Le Magasin de Tissu is Jean Derome's first solo album, and although he conceived and performed it all by himself, it is hardly your average saxophone solo record. Then again, Derome is hardly your average saxophonist, even by avant-garde music standards. He plays only a few minutes of his primary instrument. Most of his attention is devoted to the wide array of small instruments he has been using on-stage and on record over the years. Harmonicas, tiny bells, bird calls, piccolo flute, hand percussion, and unqualifiable knickknacks provide most of the music. Derome improvised on 69 of them for about 90 seconds and transferred the results to three CDs, adding tracks of silence at the end. Then he played back the CDs in three players on random mode simultaneously and inserted indexes where suitable. On paper it seems arbitrary, even hazardous, but the result is both stunning and exhilarating. No matter what you heard from the musician before, his duet with René Lussier, his work with Fred Frith, his jazz outfit, Jean Derome et les Dangereux Zhoms, or his large-scale projects, Le Magasin de Tissu reveals him in his true, condensed essence. He may be presenting the project as a catalog of his favorite sounds, but listening to this CD has nothing to do with leafing through the contents of a department store bible. As Derome improvises with Derome, the listener is treated to dead-serious pieces performed on very funny instruments. The booklet contains a flowchart and photographs of each object to help trace back the sources. Le Magasin de Tissu is a testimony to Derome's limitless creativity and the best example of his uncanny genius. Strongly recommended.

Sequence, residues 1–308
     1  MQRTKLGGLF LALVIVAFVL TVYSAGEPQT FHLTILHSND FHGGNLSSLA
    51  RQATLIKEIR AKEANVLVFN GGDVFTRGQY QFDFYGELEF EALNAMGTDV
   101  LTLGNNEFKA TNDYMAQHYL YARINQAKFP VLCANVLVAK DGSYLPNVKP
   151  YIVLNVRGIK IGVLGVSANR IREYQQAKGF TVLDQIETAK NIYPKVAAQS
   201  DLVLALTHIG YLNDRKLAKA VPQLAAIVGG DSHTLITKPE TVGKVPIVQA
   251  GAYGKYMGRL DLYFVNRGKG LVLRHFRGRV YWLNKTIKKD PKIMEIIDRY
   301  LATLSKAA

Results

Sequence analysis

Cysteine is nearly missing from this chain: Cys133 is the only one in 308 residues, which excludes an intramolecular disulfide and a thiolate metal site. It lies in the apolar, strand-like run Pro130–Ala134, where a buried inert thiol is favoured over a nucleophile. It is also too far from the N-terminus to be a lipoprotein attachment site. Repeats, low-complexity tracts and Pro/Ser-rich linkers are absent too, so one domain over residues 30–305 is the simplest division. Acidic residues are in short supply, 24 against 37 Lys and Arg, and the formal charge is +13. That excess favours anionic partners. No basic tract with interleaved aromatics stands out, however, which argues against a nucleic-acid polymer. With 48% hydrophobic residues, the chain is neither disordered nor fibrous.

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AllMusic Review by François Couture